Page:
New Economics Papers
on Microfinance
Issue of 2009‒09‒26
two papers chosen by
Aastha Pudasainee and Olivier Dagnelie

  1. Microcredit, labour, and poverty impacts in urban Mexico By Niño-Zarazúa, Miguel; Mosley, Paul
  2. Building social business models: lessons from the Grameen experience By Moingeon, Bertrand; Yunus, Muhammad; Lehmann-Ortega, Laurence

  1. By: Niño-Zarazúa, Miguel; Mosley, Paul
    Abstract: Improved household accessibility to credit is identified as a significant determinant of intra-household re-allocation of labour resources with important implications for productivity, income, and poverty status. However, credit accessibility could also have wider impacts on poverty if it leads to new hires outside the household. This paper contributes to the existing literature on microcredit in two important ways: first, it investigates the routes through which microcredit reaches those in poverty outside the household. We test whether, by lending to the vulnerable non-poor, microcredit programmes can indirectly benefit poor labourers through increased employment. Second, we conduct the study in the spatial dimension of urban poverty Mexico. This is relevant when considering that, unlike in rural areas, labour often represents the only source of livelihoods to the extreme poor. Our findings point to significant trickle-down effects of microcredit that benefit poor labourers; however, these effects are only observed after loan-supported enterprising households achieve earnings well above the poverty line. The paper concludes with reflections on the policy implications.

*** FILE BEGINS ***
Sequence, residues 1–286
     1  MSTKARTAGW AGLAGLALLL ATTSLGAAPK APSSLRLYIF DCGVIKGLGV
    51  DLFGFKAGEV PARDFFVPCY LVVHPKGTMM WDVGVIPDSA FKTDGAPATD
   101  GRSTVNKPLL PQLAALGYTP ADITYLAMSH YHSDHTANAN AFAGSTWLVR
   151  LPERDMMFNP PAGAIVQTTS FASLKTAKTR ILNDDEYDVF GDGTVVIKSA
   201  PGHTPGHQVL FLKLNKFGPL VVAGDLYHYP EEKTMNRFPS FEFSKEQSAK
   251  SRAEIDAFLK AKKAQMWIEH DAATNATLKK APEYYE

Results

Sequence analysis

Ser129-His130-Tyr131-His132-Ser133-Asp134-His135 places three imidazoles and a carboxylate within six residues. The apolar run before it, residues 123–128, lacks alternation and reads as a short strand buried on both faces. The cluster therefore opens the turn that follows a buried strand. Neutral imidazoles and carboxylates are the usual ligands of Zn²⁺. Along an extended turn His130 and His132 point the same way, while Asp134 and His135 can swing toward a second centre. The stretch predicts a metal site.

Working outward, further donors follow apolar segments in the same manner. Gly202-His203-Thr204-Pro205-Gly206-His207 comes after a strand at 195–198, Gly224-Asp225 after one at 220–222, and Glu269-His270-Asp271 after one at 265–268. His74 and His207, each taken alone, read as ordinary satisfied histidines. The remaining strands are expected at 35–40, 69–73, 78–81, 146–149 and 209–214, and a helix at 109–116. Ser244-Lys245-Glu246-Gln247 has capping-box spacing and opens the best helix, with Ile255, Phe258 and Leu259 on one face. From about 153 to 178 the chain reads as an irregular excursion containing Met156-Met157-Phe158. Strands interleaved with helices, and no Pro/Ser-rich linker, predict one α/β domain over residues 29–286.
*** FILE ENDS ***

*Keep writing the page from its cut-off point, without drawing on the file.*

Keywords: Mexico; microcredit; labour; poverty
    JEL: O18 J41 O16 C24 C31 C25
    Date: 2009–09–22
  2. By: Moingeon, Bertrand; Yunus, Muhammad; Lehmann-Ortega, Laurence
    Abstract: The social business idea borrows some concepts from the capitalist economy, and therefore the implementation of social businesses can likewise borrow some concepts from conventional business literature. As an illustration, the notion of business model, which is currently attracting much attention from researchers, can be revisited so as to enable the building of social businesses. Social business models are needed alongside conventional ones. After defining what a social business is, the authors will describe the first endeavors to create such businesses within the Grameen Group. This in turn will lead to a discussion of the social business model.
    Keywords: Social business; business model; social business model; Grameen; Danone
    JEL: E20
    Date: 2009–02–01

This issue is ©2009 by Aastha Pudasainee and Olivier Dagnelie. It is provided as is without any express or implied warranty. It may be freely redistributed in whole or in part for any purpose. If distributed in part, please include this notice.
General information on the NEP project can be found at For comments please write to the director of NEP, Marco Novarese at <>. Put “NEP” in the subject, otherwise your mail may be rejected.
NEP’s infrastructure is sponsored by the School of Economics and Finance of Massey University in New Zealand.